The Pure Water Occasional for October 20, 2014
In this mid-October Occasional, you’ll hear about the dramatic re-curving of the Kissimmee River, the worst drought ever, the prestigious Water Tank of the Year award, the political wrangling over the Passaic River, and the arsenic problem in Bangladesh. Then there’s Pratt & Whitney pollution in Florida, leaky oil tankers in Seattle, acid draining rock, Boyan Stat’s war on plastic, the environmental perils of deep sea gold mining, the forfeiture of maritime zones by drowning islands, and Dr. Bronner’s ads that were turned down by scientific publications. Learn how BPA pollutes the air as well as water, how smog adds water to rivers, how birth control pills kill minnows, how aluminum does (or doesn’t) cause Alzheimers, and why the privatization of water resources seldom works. You’ll read Pure Water Annie’s thoughts on dissolved oxygen, Bee Sharper on the current water news numbers, the amazing win streak of the Lodi Flames, the perils of soda guzzling, the addition of “environmental labels” to beef to save water, and, as always, there is much, much more.
The Pure Water Occasional is a project of Pure Water Products and the Pure Water Gazette.
To read this issue on the Pure Water Gazette’s website, please go here. (Recommended! When you read online you get the added advantage of the Gazette’s sidebar feed of the very latest world water news.)
You’ll sing better.
The Kissimmee: A River Recurved
by Amy Green
Kissimmee Straightened by the Army Corps of Engineers
Click image for larger view.
It sounds almost superhuman to try straighten a river and then recarve the curves.
That’s what federal and state officials did to the Kissimmee River in central Florida. They straightened the river in the 1960s into a canal to drain swampland and make way for the state’s explosive growth. It worked — and it created an ecological disaster. So officials decided to restore the river’s slow-flowing, meandering path.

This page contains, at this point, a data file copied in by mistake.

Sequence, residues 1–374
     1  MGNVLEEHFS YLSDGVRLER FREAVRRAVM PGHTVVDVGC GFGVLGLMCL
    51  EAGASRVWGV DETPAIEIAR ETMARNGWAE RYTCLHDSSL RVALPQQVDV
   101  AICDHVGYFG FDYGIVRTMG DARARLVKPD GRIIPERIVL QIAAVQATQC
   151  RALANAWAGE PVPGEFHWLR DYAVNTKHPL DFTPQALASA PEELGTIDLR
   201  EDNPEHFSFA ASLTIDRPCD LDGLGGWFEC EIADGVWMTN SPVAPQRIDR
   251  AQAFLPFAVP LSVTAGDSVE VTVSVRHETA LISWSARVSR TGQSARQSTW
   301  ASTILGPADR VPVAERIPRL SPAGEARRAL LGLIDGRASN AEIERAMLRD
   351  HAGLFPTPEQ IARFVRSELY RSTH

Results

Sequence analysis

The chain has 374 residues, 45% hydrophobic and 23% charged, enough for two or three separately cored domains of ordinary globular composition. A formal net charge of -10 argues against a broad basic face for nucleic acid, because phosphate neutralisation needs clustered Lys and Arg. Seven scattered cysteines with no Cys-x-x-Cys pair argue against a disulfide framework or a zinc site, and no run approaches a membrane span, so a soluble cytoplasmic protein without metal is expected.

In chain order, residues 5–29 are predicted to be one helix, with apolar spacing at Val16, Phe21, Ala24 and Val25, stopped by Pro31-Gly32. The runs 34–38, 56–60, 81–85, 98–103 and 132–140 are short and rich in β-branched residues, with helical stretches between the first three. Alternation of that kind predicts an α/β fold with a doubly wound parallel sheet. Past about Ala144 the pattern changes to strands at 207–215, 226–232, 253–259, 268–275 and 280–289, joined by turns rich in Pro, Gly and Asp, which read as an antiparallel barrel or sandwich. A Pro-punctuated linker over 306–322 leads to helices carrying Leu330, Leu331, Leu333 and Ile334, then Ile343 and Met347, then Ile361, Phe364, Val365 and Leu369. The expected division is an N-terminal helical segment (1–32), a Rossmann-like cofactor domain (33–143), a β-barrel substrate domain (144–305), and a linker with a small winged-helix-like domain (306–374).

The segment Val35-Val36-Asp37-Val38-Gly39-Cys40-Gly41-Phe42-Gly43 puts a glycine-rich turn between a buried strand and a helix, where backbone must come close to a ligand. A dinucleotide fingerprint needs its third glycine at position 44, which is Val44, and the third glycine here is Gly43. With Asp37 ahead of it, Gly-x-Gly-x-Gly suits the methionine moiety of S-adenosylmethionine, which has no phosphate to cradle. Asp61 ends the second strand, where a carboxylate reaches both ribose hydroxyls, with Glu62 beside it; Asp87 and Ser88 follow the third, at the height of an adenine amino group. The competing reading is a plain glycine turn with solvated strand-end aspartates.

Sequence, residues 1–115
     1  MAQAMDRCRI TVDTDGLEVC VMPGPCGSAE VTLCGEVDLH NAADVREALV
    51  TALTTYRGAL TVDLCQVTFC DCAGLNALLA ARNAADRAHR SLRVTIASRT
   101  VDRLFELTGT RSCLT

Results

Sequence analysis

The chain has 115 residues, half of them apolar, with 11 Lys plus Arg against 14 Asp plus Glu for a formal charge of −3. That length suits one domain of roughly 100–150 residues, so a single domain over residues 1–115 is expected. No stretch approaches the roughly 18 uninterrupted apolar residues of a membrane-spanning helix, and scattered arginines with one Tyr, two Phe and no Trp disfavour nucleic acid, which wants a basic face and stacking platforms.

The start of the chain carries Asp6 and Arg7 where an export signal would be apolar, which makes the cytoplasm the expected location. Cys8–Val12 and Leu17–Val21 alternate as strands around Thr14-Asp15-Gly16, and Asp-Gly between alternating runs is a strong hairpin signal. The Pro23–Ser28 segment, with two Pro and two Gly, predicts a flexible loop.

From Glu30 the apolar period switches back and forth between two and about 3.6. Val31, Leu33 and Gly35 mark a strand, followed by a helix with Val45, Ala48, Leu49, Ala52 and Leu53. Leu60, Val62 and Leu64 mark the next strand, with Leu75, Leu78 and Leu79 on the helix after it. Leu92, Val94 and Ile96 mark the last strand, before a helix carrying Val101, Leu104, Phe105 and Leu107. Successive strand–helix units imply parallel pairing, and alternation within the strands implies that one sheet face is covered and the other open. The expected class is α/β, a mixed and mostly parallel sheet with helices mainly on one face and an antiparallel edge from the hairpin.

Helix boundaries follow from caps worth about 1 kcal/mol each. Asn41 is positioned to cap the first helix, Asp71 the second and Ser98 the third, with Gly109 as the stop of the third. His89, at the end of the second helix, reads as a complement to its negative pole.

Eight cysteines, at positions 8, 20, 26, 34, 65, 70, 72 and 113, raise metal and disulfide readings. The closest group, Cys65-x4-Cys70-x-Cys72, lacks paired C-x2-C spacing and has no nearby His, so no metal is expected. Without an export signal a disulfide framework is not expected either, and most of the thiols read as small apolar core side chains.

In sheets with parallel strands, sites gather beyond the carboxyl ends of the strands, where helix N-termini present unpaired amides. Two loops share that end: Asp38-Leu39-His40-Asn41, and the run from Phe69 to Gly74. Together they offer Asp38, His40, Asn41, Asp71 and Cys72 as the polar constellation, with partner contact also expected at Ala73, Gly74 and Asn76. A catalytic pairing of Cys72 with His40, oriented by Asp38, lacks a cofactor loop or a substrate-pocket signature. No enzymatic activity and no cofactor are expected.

That billion-dollar restoration — the world’s largest — is a few years from completion. And so far, it’s bringing signs of new life, especially on a man-made canal that was dug through the heart of the river.
“Birds are back, both wading birds and ducks. They’re all over the place,” says Paul Gray of Audubon Florida. “The oxygen levels in the river are better. There’s a lot more game fish in the river like bass and bluegill and stuff. Most of the biological perimeters, the goals of the restoration we’ve already met.”
The man-made canal begins near Walt Disney World in Central Florida and flows 50 miles south. “It messed up our water management infrastructure,” Gray says. “Now we drain so much water that when it’s dry we don’t have enough water for our human needs. We over drained, and so now we’re trying to rebuild the system where we’re going to catch water instead of wasting it when it’s wet.”
For decades, piles of dirt dug for the canal have remained heaped on its banks. Now bulldozers are pushing the dirt back into the waterway, filling it and making way for the river’s old meanders to recarve their historic path. Five dams controlling the waterway’s flow are being blown up, allowing the water to flow naturally.
The 20-year restoration effort is expected to be complete by 2017. (more…)